SPOILER ALERT: Do not read if you haven’t watched “The Disillusionment of Time,” the Season 1 finale of “The Resort.”
As intricate and text-heavy as “The Resort” is, Andy Siara’s adventure-comedy series manages to say a lot about love with almost no dialogue on the subject.
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“I hate a romantic monologue. It is exactly the kind of thing that makes me want to throw up,” William Jackson Harper, who stars in the series as Noah opposite Cristin Milioti’s Emma, tells Variety. The two travel to the Yucatán peninsula for their 10th anniversary, but their marriage is quietly on the rocks. As they miscommunicate again and again, they find themselves investigating the disappearance of two teenagers at the resort 15 years prior — a mystery Siara uses to get at the root of the couple’s problems more subtly.
“I live in a place where I don’t necessarily say everything that’s on my mind. I hardly ever say what’s on my mind; I’m lying most of the time,” Harper laughs. Siara’s writing, he says, emphasizes actions over words: “The moment isn’t the confession. The moment is just the execution of something, or the anticipation of someone’s needs. That’s [how we say] the things that we need to say, and it’s more fun to play.”
Milioti adds: “When I watch things, I get taken out [of the moment] if the characters seem — for lack of a better term — therapied, like they’re perfectly able to succinctly describe what they’re feeling. I don’t find that exciting to watch. And Andy does that so well, especially in that cave sequence. So many things are unspoken.”
She’s referring to the finale episode, “The Disillusionment of Time,” where Emma goes rogue in search of Pasaje, a mythical “room outside of time” from a book written by Illan Iberra (Luis Guzmán) and owned by Violet (Nina Bloomgarden), one of the missing teens. Noah finds and follows her along with Baltasar Frías (Luis Gerardo Méndez), the resort’s former head of security, and Murray (Nick Offerman), Violet’s father. Pasaje, or “passage” in English, ends up being a milky pool at the end of a tunnel in the wall of a cave, deep in the middle of a jungle. There, Violet and Sam (Skyler Gisondo) are floating, asleep, unaged despite the years that have passed.
But to reach the tunnel, Emma must first get onto Noah’s shoulders. As her fixation on this mystery and his reluctance to pursue it have been a running conflict throughout the season, that moment says it all: “She asks for help for the first time,” Milioti says. “He has to let her go. She has to let him go.”
Though Noah and Emma barely ever discuss it in front of each other, we also know that one of the rifts in their marriage is the result of the child they had and lost a few years earlier. Because the baby was whisked away for treatment so quickly, only Noah got to see her before she died, which subtly impacts Emma’s obsession with finding Sam and Violet. Instead of relying on “therapied” explanations of the connection between Emma’s lost chance at motherhood and her care for the missing teens, “The Resort” communicates that through Milioti’s strained performance combined with realistic production design by Bret August Tanzer.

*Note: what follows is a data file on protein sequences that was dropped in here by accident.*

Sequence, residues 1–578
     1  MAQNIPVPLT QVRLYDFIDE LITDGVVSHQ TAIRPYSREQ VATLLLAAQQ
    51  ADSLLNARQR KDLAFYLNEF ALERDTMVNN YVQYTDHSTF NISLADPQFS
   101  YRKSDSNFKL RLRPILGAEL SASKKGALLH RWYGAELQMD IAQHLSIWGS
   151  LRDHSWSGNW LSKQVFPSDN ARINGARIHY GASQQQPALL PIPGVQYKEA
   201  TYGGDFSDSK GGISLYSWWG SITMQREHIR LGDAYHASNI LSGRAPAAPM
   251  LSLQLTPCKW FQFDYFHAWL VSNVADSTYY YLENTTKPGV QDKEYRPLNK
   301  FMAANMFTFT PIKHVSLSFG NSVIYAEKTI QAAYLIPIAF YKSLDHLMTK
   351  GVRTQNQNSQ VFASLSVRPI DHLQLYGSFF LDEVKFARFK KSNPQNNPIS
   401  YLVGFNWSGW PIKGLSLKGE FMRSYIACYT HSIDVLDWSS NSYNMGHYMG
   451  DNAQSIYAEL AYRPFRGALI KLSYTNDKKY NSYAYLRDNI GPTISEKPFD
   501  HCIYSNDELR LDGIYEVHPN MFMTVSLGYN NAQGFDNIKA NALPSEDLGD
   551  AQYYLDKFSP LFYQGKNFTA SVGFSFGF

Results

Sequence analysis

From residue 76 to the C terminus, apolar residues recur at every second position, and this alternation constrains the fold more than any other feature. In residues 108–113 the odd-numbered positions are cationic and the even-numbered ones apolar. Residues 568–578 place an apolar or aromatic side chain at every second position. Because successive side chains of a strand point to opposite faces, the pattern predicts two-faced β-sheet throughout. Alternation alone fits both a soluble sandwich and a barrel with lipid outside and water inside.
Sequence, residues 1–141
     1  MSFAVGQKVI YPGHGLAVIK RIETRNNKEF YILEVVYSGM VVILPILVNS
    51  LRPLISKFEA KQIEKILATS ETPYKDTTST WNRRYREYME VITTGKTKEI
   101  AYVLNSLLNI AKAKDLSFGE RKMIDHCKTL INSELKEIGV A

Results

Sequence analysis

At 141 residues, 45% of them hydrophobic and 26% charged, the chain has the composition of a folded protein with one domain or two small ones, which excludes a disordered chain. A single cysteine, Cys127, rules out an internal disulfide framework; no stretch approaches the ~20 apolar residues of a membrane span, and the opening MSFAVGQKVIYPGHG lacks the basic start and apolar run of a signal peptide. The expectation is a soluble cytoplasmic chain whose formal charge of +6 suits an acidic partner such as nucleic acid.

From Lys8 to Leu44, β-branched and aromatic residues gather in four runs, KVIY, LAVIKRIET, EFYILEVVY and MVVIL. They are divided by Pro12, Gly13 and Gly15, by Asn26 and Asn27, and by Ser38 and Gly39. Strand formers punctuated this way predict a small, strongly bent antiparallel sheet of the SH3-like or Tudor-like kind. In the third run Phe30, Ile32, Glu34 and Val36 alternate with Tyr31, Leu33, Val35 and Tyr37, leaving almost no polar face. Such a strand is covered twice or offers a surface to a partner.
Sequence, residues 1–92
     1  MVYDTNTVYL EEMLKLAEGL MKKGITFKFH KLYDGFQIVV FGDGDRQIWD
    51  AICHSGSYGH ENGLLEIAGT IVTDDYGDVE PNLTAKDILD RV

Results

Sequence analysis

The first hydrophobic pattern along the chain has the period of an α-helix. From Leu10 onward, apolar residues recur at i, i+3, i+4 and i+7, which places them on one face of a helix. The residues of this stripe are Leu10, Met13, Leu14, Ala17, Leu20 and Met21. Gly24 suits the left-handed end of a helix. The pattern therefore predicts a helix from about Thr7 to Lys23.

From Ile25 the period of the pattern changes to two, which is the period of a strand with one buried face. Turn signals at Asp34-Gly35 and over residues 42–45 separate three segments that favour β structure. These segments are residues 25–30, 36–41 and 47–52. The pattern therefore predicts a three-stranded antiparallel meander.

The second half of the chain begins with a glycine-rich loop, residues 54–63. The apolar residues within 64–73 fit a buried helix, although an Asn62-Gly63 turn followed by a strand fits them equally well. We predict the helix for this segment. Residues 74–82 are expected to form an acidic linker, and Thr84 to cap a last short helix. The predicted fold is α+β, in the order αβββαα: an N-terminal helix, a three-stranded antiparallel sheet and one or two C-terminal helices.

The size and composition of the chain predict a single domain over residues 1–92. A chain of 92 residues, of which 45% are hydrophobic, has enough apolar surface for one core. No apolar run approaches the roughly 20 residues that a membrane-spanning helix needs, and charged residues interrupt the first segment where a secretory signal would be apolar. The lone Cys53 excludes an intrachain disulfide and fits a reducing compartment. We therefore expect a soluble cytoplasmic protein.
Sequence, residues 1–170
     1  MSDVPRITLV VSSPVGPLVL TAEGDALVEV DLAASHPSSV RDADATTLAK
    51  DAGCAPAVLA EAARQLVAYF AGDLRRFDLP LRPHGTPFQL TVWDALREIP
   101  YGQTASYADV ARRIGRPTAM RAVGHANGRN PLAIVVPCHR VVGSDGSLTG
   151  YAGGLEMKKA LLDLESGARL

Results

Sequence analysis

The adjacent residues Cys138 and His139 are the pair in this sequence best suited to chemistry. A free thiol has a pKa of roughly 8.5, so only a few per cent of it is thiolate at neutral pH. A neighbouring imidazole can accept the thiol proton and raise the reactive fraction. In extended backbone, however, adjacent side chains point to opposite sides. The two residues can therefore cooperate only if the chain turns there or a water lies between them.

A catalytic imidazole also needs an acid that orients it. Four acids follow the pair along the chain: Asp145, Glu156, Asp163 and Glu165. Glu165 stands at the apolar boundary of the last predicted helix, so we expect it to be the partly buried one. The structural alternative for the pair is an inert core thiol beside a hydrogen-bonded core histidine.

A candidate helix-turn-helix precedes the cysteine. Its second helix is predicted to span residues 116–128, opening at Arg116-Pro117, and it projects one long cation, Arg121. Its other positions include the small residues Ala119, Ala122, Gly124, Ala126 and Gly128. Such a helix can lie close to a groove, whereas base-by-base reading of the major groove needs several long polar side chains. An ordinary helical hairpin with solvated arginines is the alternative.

“It was claustrophobic and intense. I can’t stress how intense that shit was,” Milioti says about shooting her crawl toward Sam and Violet. At one point, she gets stuck, fully up to her chest surrounded by rock and mud. “I’m always reticent to be like, ‘That was difficult!’ because we’re lucky to get to do this, but like that tunnel scene was really a hard day. I remember going home to the hotel at night and being like, ‘Am I okay? Am I going to be okay doing this for 18 hours a day?’ It was brutal.”
“I had crazy food poisoning,” Harper adds. “We’re in the underground lake, there’s a crazy staircase to get down there, then you have to get on a boat and go across a little pond, and then go down into this standing water. My attitude was so bad.”
The depth of their struggle against nature mimics both characters’ frantic desires to fix the unfixable. Learning that Violet sought out Pasaje in hopes of reconnecting to her dead mother, Emma realizes that she could get in the water herself to meet the baby she lost. But she makes the selfless choice, rescues Violet and Sam, and returns them to their families as she returns to Noah.
“She is so desperate to go back in time and get her child back. But in a way she brings someone else’s child back into the world,” Milioti says. “I thought that that was such a fantastical metaphor for the ways that we get stuck in our past. We all have moments of sitting at the side of your Pasaje and staring in the water, thinking about a time that you thought was better. Or what you should have done, if only you could go back. I just thought it was such a brilliant way to physicalize what happens to us the older you get, when you’re thinking about where you stand in the world.
Harper thinks there’s an argument for both sides: whether to leave the world and enter Pasaje, or to embrace real life.
“The possibility of something that defies human explanation is something Noah’s not prepared for,” Harper says. “The thing that I love about it, as a viewer, is that sometimes things that just exist cause us pain. They’re not good; they’re not bad. This room outside of time, it’s not nefarious. It’s not an evil that’s meant to steal time from people. The way that we interact with it causes pain and distress, but it just exists. Like, we look at earthquakes as a bad thing, and when there’s a human cost, of course! But when there’s no people there, what is it? Is it just a necessary part of the crust expanding?”
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